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IPO Report: At least 3 SPACs pull IPOs in latest sign popular pandemic route to public markets is losing steam

At least three special-purpose acquisition corporations, or SPACs, have pulled their plans for initial public offering in the past 24 hours amid rocky equity markets, in the latest signs the pandemic vehicle is losing ground.

SPACs, also known as blank-check companies, are shell companies that raise money in an IPO and then acquire a business or businesses. The vehicle became popular during the pandemic when record numbers of such companies were formed, but many have struggled in the last year amid regulatory scrutiny of the sector and some highly risky deals.

“‘The postponements will continue until morale improves.’”

— Bill Smith, Renaissance Capital

The Defiance Next Gen SPAC Derived ETF SPAK, -0.59%, which invests in pre-deal SPACs as well as those that have completed mergers, has fallen 14% to date in 2022, as equity markets have been roiled by concerns about Russia and Ukraine, the global spread of the omicron variant of the coronavirus causing COVID-19, and a Federal Reserve that’s expected to start raising interest rates.

See: Fed ‘expects’ it will soon be appropriate to raise interest rates, but there was no rate hike today

The Dow Jones Industrial Average DJIA, -0.38% has fallen 5% in the year to date, while the S&P 500 SPX, -0.15% has shed 7%. The Nasdaq Composite COMP, +0.02% has fallen 11% after entering bear-market territory last week.

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“Everything is getting dumped: Investors are taking profits on their winners and cutting loose the losers,” said Bill Smith, founder and chief executive of Renaissance Capital, a provider of institutional research and exchange-traded funds oriented around IPOs, late last week. “The postponements will continue until morale improves.”

Do It Again Corp., a SPAC that was targeting a deal in the restaurant or food-service sector, withdrew its registration early Wednesday. The company is led by Clifford Hudson, who spent 35 years at Sonic Corp. and was seeking to raise up to $125 million.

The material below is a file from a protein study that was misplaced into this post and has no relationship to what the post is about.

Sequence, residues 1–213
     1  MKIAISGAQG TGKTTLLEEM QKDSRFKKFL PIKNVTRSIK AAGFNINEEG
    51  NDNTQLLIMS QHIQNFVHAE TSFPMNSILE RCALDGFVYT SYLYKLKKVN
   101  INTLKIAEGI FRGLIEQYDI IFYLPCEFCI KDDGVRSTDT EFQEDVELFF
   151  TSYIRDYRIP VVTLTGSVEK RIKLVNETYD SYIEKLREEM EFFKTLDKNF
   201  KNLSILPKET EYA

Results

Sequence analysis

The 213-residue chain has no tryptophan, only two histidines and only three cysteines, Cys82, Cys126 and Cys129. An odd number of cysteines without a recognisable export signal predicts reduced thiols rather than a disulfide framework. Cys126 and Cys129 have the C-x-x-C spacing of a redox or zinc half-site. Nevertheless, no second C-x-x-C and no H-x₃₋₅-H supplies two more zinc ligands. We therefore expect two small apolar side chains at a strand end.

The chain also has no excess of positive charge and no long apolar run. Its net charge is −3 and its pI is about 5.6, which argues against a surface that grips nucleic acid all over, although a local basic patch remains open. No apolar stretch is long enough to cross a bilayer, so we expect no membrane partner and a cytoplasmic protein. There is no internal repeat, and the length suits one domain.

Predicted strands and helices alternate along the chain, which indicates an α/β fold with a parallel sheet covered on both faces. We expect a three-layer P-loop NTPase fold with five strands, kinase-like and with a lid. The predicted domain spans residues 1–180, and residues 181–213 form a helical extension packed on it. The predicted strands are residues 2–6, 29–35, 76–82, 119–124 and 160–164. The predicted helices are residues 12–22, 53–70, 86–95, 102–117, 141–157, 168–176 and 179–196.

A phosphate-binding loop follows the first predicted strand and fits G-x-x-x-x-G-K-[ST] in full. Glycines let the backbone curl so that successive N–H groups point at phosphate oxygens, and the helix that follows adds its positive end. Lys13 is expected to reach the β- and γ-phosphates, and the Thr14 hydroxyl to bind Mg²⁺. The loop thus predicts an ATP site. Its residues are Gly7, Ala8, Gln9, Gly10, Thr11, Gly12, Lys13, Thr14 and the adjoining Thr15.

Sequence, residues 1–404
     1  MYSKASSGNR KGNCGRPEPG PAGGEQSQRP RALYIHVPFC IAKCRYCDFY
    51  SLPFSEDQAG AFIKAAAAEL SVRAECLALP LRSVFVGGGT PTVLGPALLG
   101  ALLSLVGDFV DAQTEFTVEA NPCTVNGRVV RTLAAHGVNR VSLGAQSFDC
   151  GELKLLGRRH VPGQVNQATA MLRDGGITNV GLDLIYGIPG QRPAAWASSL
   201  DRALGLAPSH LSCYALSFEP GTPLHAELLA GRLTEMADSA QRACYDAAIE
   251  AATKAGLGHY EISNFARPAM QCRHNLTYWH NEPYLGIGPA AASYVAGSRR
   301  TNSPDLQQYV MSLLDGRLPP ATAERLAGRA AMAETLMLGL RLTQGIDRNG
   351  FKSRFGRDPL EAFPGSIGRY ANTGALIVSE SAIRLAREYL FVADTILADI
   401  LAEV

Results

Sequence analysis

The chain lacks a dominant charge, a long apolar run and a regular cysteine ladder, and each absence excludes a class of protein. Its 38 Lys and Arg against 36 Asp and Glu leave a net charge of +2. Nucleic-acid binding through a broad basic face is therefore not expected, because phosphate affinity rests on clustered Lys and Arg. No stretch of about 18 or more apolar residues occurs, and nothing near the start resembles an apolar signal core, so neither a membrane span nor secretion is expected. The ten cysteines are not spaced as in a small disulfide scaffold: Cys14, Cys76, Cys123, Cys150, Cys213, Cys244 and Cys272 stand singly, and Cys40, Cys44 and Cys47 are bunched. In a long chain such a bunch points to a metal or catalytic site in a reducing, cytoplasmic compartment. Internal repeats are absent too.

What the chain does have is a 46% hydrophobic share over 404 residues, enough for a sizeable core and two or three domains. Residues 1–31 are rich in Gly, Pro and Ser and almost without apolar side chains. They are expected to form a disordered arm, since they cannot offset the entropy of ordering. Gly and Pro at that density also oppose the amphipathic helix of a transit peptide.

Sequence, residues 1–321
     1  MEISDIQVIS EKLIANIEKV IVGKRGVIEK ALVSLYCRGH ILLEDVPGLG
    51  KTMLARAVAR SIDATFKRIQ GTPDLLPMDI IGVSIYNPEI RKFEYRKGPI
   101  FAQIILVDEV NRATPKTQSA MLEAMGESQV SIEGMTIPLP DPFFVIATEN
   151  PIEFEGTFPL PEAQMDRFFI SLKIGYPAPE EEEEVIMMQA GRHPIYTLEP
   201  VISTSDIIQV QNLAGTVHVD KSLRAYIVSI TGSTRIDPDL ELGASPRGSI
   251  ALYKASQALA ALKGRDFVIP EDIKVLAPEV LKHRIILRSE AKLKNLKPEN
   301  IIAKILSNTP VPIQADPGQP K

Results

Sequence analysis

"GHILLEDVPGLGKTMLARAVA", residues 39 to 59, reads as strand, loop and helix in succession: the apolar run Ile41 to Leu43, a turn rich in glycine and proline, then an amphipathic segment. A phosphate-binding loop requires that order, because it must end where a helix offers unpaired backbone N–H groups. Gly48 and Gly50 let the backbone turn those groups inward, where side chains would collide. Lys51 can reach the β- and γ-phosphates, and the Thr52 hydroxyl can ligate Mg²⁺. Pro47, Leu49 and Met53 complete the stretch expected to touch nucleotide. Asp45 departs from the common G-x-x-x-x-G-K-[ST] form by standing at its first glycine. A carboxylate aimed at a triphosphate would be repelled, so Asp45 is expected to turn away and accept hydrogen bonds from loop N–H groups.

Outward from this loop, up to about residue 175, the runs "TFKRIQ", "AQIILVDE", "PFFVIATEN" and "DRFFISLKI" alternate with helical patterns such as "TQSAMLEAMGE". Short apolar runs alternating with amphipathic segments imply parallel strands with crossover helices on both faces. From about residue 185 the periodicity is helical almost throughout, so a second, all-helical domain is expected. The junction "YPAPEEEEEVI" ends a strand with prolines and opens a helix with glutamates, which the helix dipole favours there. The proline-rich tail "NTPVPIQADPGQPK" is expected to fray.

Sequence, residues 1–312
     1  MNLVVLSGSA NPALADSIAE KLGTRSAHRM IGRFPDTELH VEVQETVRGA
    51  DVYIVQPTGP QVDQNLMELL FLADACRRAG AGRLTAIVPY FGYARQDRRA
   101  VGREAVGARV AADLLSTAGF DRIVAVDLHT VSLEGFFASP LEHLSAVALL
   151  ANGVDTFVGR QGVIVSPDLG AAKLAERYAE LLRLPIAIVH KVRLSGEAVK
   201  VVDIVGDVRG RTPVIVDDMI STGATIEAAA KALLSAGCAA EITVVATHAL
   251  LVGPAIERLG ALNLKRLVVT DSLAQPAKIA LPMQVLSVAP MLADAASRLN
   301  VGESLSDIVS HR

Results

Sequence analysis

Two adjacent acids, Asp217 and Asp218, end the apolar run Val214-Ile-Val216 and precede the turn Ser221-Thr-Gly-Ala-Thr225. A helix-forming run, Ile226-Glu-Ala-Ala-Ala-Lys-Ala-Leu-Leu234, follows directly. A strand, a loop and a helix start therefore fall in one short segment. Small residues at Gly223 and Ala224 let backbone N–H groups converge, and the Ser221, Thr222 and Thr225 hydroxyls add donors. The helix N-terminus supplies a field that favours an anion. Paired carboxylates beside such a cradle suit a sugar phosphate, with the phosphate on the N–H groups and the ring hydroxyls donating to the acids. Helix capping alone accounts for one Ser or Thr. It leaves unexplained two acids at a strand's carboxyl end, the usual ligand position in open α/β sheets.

Murphy Canyon Acquisition Corp. MURFU, , which filed last June to raise $150 million in an IPO, withdrew its registration statement early Wednesday, and then withdrew the withdrawal, which it said was conducted in error. The company was formed by Presidio Property Trust and is led by its co-founder and chief executive, Jack Heilbron.

Murphy Canyon said it was seeking a target company in the real-estate sector, “including construction, homebuilding, real estate owners and operators, arrangers of financing, insurance, and other services for real estate, and adjacent businesses and technologies targeting the real estate space, which we may refer to as ‘Proptech’ businesses.”

For more: The SPAC crackdown hasn’t truly begun, but the SEC is obviously considering it

On Tuesday, CAVU Techology Acquisition Corp., which filed to raise up to $100 million in an IPO last March, also withdrew its registration statement. In its original filing, the company said it would target technology companies with an enterprise value of approximately $250 million to $500 million.

TCG Growth Opportunities Corp., which filed for an IPO last March with plans to raise up to $250 million, also pulled its deal. TCG was formed by the Chernin Group, whose chief Peter Chernin is a former CEO of the Fox Group at News Corp. That SPAC was aiming to target a company in the internet consumer space.

Don’t expect the red hot SPAC trend to cool soon, says Betsy Cohen, a major SPAC investor. But buyer beware: Some SPACs won’t find targets to buy. From Investing in Tech

Last week, bitcoin miner Rhodium pulled its planned IPO amid a rout in crypto prices.

“Meanwhile, commercial REIT Four Springs Capital Trust attempted to go public offering a dividend yield below peers. Not in this market,” said Smith from Renaissance.

“For years, the phrase ‘path to profitability’ briefly came into fashion, then was promptly forgotten. This time seems different. For the foreseeable future, IPO investors will look for growth and profitability. Dividends. Lock-ups. Valuations with crystal-clear upside,” he said.

See: SPACs aren’t dead, but they don’t look too healthy

Related: The SPACsplosion has reached a reckoning

Roughly half of the companies that completed SPAC deals last year are down 40% or more from their $10 issue price, the Wall Street Journal reported last week. Two notable names in that group are sports betting company DraftKings Inc. DKNG, +5.23% and space-tourism company Virgin Galactic Holdings Inc. SPCE, -0.47%, founded by billionaire Richard Branson.

SPACs go public by selling units at $10 each, consisting of a single share and a fraction of a warrant, which then split and are separately traded. The warrants can typically be exercised at $11.50 after a deal is completed, a steep discount that acts as compensation to investors for locking up their cash for the time needed to find a business to combine with.

DraftKings shares have lost 58% in the last 12 months, while Virgin Galactic is down 78%.

Last week, Acorns Grow Inc., a savings app, pulled its $2.2 billion SPAC agreement, and became the 10th company to end a deal since November, according to Dealogic data cited by the Wall Street Journal.

The IPO market has gotten off to a weak start in 2022, with the Renaissance IPO ETF IPO, -1.93% down 24.6% in to date this year.

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